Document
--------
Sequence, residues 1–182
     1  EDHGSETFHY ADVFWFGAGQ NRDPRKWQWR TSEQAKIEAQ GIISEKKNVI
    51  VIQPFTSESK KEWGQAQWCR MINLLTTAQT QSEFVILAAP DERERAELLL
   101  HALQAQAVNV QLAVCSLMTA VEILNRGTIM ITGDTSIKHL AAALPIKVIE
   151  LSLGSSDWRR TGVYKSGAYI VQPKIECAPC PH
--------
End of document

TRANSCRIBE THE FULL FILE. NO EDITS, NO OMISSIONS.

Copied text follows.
Sequence, residues 1–182
     1  EDHGSETFHY ADVFWFGAGQ NRDPRKWQWR TSEQAKIEAQ GIISEKKNVI
    51  VIQPFTSESK KEWGQAQWCR MINLLTTAQT QSEFVILAAP DERERAELLL
   101  HALQAQAVNV QLAVCSLMTA VEILNRGTIM ITGDTSIKHL AAALPIKVIE
   151  LSLGSSDWRR TGVYKSGAYI VQPKIECAPC PH